The glaring mistakes associated with the Obamacare rollout will only make things harder for South Carolina democrats in 2014.
These missteps and the character issues now facing the White House can easily be seen as leverage for the state’s republicans, who already have a leg up with control of nearly all statewide offices.
President Obama admitted in a press conference last week that he and his administration had “fumbled” the health care law rollout. It’s now clear in the minds of the public, and hopefully the president, that the White House should have gotten this right from day one.
Consequently, it’s a low point for Obama’s legacy and one that comes at a critical point with the 2014 mid-term elections around the corner. Obama’s problems continue to be two-fold. First, he’s lost the trust of the majority of Americans. In a recent Quinnipiac poll, only 44 percent of the country views the president as honest and trustworthy. That’s down 10 points from Oct. 1 when 54 percent viewed him as such. Second, Americans are also undoubtedly questioning the White House’s competence to a greater extent. These concerns don’t appear to be going anyone any time soon.
Of course, politics is dynamic, and the prospects for democrats in South Carolina may be become brighter as Nov. 2014 draws closer.
Gov. Nikki Haley isn’t infallible and hasn’t been free of controversy during her time in office. Also, any major issue that crops up on the state level should hopefully trump national politics at the ballot box. However, the dynamics at the national level will have to change for state democrats to have a more favorable outlook. First and foremost, the federal health care website has to be fixed. With the resources available to correct the glitches, it seems likely that will happen. But even with a workable website, Obama has left a colossal mess for members of his own party.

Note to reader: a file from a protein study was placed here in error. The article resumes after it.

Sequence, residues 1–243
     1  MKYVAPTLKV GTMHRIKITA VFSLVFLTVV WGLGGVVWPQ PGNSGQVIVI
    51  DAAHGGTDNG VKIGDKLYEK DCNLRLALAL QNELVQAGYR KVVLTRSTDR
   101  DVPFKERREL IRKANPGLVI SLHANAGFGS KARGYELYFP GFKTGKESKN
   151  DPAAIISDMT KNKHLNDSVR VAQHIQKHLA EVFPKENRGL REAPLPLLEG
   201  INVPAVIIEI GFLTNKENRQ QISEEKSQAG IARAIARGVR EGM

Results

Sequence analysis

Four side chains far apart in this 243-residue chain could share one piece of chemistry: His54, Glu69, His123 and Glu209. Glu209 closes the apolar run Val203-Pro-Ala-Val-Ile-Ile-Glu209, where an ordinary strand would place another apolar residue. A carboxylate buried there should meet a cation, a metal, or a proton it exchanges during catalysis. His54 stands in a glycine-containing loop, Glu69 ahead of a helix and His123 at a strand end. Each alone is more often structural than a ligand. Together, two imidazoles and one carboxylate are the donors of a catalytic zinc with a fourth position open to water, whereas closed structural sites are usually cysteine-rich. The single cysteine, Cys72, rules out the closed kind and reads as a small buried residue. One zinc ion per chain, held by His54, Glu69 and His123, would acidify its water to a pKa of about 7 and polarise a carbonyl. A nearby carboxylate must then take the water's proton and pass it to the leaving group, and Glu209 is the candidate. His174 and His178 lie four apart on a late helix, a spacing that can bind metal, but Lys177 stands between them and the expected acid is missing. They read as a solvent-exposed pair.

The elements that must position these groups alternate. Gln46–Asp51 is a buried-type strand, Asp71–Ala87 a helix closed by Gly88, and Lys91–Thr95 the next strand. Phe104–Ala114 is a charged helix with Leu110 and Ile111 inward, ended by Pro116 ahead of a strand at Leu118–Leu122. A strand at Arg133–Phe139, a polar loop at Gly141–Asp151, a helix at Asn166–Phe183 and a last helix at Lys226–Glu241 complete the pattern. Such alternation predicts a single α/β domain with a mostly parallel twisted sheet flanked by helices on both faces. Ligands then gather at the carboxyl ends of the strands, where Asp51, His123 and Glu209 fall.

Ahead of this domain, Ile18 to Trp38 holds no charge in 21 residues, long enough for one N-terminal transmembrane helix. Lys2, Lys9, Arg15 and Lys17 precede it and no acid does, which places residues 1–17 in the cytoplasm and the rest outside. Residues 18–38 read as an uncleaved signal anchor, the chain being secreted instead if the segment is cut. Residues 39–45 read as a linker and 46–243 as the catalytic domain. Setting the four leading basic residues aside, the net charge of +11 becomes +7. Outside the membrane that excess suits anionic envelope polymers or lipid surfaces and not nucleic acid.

Thirty-nine Congressional democrats have already jumped ship on the idea of Obamacare after supporting a new U.S. House bill aimed at aiding canceled policyholders. There has undoubtedly been a drop in public trust, and lawmakers in Washington are hearing that from their constituents.
Is it fair to attach that to Sen. Vincent Sheheen should he be the democratic pick for governor? No. However, he’s already opened the door to be portrayed a certain way by the State GOP after he came out in support of a temporary expansion of Medicaid.The chances are very high that Obama’s missteps will remain salient and in the public conscience by November 2014, and likely for years after. Consequently, some voters will continue to look at democrats in the state through the prism of the Obama administration.
The chances are very high that Obama’s missteps will remain salient and in the public conscience by November 2014, and likely for years after. Consequently, some voters will continue to look at democrats in the state through the prism of the Obama administration.
With such a political outlook, it will require a very nuanced approached for a democratic candidate to make any inroads in a statewide race in South Carolina.